Test of Firefly Alpha Sparks Fire, Evacuation

BRIGGS, TEXAS – An “anomaly” which occurred during a stand test of the Firefly Alpha booster sparked a fire and evacuations Wednesday night (Jan. 22) in Burnet County, Texas. The fire was quickly contained by the test stand’s automatic fire suppression system, but out of an overabundance of caution a one-mile radius evacuation order was enacted by Burnet County authorities.

Both Firefly and Burnet County authorities confirmed that, contrary to initial reports, there was no explosion, no personnel were injured, and the rocket survived the blaze. Firefly Aerospace CEO Tom Markusic said, in an interview with local station KXAN, that the event “resulted from fuel coming out of one of the engines that created a small fire.” He also stated, Markusic stated that, “when a rocket starts up, it sounds like an explosion. It’s very powerful, there’s fire that comes out of the rocket engine, so there’s noise. It was not an explosion.”

Markusic credited Burnet County for their response, but felt that in this instance that it was probably too great of a response given this situation. “It was just very normal rocket testing stuff,” Markusic said. “The response was larger than it needed to be. And I will take the blame for that. We didn’t properly communicate that there wasn’t an issue to the local emergency response folks.”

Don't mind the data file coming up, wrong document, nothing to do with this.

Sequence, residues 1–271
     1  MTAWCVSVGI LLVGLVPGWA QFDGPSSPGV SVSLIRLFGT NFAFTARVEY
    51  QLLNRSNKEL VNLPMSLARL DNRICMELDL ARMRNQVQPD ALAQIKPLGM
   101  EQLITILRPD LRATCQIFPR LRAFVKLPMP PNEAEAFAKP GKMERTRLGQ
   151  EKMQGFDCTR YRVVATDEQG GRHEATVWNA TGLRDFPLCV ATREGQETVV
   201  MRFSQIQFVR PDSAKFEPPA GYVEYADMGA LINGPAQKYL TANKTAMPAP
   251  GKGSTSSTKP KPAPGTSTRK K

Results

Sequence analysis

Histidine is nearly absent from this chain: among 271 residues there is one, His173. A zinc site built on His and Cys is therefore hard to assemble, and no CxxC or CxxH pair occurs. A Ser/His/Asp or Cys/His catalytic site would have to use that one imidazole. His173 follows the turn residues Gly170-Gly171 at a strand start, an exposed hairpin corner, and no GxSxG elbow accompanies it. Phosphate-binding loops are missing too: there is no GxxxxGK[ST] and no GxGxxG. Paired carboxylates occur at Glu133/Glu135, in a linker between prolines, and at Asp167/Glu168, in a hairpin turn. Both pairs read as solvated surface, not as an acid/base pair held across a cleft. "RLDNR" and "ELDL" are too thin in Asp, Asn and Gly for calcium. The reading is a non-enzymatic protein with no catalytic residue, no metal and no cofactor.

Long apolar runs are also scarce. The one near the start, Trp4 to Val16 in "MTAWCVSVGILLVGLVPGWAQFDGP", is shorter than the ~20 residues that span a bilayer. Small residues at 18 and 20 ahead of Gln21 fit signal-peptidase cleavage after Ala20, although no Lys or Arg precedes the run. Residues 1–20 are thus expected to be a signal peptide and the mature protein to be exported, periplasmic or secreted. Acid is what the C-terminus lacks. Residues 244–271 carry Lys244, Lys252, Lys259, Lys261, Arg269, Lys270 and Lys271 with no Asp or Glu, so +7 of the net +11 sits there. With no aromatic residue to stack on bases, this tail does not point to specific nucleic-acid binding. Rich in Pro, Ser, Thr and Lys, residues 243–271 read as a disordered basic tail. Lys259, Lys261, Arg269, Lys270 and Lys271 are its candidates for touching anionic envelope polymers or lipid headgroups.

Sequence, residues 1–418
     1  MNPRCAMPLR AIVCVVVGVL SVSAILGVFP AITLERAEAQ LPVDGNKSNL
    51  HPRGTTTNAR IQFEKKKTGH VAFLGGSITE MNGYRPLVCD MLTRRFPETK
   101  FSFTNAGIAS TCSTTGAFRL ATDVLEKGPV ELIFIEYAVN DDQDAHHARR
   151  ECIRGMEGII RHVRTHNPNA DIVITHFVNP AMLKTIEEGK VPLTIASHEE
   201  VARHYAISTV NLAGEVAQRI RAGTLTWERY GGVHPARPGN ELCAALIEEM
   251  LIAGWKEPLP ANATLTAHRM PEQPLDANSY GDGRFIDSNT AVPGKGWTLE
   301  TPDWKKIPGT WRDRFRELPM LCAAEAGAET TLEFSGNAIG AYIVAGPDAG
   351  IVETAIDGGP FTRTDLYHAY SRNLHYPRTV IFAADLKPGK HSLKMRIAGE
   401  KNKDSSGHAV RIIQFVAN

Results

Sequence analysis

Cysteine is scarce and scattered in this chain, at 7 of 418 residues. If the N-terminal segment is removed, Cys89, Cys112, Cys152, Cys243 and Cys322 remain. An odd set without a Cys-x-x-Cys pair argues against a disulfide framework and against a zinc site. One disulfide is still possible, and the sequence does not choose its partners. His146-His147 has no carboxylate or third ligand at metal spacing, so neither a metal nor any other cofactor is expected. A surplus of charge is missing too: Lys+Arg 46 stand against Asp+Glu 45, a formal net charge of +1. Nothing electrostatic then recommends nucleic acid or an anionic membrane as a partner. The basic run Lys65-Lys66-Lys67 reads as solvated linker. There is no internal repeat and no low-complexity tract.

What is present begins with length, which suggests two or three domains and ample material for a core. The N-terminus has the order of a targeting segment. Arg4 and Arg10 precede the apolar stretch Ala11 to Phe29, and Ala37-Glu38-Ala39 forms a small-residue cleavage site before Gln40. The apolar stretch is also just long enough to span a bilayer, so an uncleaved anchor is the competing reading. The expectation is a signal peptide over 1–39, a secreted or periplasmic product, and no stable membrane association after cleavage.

After the incident, Firefly’s leadership team made the following statement:

“We apologize for any inconvenience caused and we will be working with the local emergency response team to ensure that the local community is kept aware of actions in a timely manner.

We will be hosting a community day soon to explain what happened and answer any questions.”

Statement released by Firefly’s leadership team Wednesday night.

Firefly Aerospace is a relative newcomer to the launch vehicle market, being founded in 2014 as Firefly Space Systems. They are wholly owned by Noosphere Ventures. The company was founded by Tom Markusic, a former Virgin Galactic, SpaceX, and Blue Origin employee. Their stated goal is to open up the market for small satellite launch (1000 kg to 4000 kg range) to both LEO and sun-synchronous orbit. They estimate their cost per launch to the client will start at $15 million. They plan on keeping costs low by using COTS (commercial off-the-shelf) technologies. Launches will be from from Vandenberg AFB in California and LC-20 at Cape Canaveral.